Au Revoir

It’s a cheesy title, I know, but I believe it. “Au Revoir” is a way to say “good-bye” in French but it roughly translates to “until I see you again”, too. Though I’ll be leaving Paris in the next 24 hours, I am confident that I will see this beautiful city again in my future. While some of this may be a bit repetitive, I want my last blog post to be a summary of everything that I’ve learned here in Paris, both professionally, personally, and maybe even a little randomly, too.


1) French people aren’t mean, stereotypes are.
I truly will miss my co-workers and host family. I feel so lucky to have had the opportunity to meet people so different, yet so similar to me. They’ve helped me not only grow as a French-speaker, but as a person, too. While becoming closer to these people, it’s been easier to look past our differences and understand the biggest similarity that we all share: no matter what stereotypes or cultural differences might exist, at the end of the day, we are all human.
2) The food here really is better.
It’s insane how fresh the quality is here. I always wondered if this was an exaggeration, but it is not. The French take pride in what they eat and it shows.
3) It is possible to fall up the stairs in the metro.
Need I say more? I guess I’ll never be as effortlessly graceful as the Parisians, no matter how hard I try.
4) Asking questions is the key to all of your confusions.
I used to feel embarrassed asking questions in English, let alone stumbling over how to even ask that said question in French! Communication is powerful and whatever may get lost in translation or in conversation, I’ve learned that it is always better to clarify than to make a mistake. I’m happy now that I can get over my pride of looking “stupid” and can ask the questions necessary to do the right thing the first time.
5) Being early and/ or on time is very much an American priority.
With this being said, I’m glad I have this ingrained into me. My co-workers and bosses always seemed so impress that I was so early and would even try to beat me sometimes (they never did).
6) Social media for a company can be tricky.
Someone needs to design an app or a website where you can plan posts for Instagram, twitter, Facebook, etc. all in the same app. It would make the lives of all community managers much, much, easier. Hootsuite and Trello just don’t cut it.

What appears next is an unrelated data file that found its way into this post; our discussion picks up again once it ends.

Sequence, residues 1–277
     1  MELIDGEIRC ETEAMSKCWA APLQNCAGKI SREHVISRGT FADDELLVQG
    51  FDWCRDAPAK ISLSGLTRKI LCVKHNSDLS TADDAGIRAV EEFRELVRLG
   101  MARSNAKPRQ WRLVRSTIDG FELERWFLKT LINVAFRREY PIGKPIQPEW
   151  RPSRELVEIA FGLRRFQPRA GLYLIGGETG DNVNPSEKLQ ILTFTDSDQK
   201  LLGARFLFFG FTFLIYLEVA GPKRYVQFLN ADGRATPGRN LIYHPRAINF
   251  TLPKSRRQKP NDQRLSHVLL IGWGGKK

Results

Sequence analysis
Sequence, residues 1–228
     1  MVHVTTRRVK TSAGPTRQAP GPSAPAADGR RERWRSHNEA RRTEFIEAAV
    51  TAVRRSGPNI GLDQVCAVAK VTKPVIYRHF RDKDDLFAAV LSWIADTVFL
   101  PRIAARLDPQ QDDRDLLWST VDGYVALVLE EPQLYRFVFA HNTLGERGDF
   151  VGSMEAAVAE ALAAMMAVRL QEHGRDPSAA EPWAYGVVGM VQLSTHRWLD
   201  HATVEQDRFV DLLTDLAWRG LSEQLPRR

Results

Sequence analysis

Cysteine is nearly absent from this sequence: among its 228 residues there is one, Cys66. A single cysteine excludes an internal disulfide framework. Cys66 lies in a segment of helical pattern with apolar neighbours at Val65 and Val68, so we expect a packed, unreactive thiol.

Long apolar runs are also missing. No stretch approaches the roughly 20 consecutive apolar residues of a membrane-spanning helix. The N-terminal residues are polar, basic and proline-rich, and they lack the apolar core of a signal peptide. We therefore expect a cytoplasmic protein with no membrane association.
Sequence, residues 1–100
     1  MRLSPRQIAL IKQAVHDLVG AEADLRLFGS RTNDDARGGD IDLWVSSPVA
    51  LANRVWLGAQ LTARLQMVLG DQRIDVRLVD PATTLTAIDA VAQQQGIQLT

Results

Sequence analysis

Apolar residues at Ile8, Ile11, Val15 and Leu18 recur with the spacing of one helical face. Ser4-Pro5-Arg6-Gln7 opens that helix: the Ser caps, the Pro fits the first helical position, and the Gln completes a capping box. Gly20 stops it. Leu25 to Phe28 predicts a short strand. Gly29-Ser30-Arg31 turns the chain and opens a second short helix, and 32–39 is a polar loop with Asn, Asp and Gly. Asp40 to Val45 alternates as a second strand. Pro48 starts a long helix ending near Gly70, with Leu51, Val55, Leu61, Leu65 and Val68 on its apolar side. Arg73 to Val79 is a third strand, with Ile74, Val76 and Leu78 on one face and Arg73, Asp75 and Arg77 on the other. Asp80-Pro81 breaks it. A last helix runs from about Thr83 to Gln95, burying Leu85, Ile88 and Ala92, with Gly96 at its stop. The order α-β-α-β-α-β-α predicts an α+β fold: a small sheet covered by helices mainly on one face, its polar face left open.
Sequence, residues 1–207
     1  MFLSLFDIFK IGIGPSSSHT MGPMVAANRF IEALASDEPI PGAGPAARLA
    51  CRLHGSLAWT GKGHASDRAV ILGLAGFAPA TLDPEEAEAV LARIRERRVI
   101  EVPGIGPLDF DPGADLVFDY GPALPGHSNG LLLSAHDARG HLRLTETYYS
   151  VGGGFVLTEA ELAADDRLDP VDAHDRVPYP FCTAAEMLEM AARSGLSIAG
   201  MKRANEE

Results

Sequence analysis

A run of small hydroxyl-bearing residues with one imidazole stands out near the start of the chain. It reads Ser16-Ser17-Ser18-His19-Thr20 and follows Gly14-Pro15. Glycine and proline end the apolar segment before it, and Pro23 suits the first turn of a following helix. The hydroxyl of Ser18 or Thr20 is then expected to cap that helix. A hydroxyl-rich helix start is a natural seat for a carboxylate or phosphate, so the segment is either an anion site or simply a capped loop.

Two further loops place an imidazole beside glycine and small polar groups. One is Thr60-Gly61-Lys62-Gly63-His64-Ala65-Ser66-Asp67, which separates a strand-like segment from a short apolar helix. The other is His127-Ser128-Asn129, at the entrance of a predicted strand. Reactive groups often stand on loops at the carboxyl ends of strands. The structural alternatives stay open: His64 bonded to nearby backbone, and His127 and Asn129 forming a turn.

7) Double, triple, quadruple check everything.
The French highly value the quality of your work (rather than the time that it’s completed). This has made me take a lot more pride in the quality of the projects assigned to me. Instead of racing to get them finished, I ensure that they are done right and in a timely manner. I think I can transfer this work ethic into the states, too.
8) Following-up is not always said, but it is implied and important.
One of the best pieces of advice my supervisor gave me was to always follow up on something that is assigned to you, whether explicitly told so or not. Either way it makes you look good, whether that means looking for results or just going the extra mile. For example, when I was assigned to handle our social media, he advised me in our mid-term meeting to start providing results of that week at our team’s weekly de-briefing meeting. At the next meeting, I was better able to explain what I had accomplished during the previous week and my co-workers seemed more interested in what I had to say.
9) The re-usable water bottle market is severely un-tapped here.
I’m looking at you, S’well.
10) The French really do take the time to enjoy life.
I’m looking forward to bringing some of this lifestyle back to the USA.

What can I say? Paris has given me so much. I’m so grateful for this opportunity and how it has helped me grow. While I am still not sure as to whether I will actually become and ex pat and live here one day, I am looking forward to taking a few vacations or, better yet, a few business trips here in my near future. Paris, Je t’aime!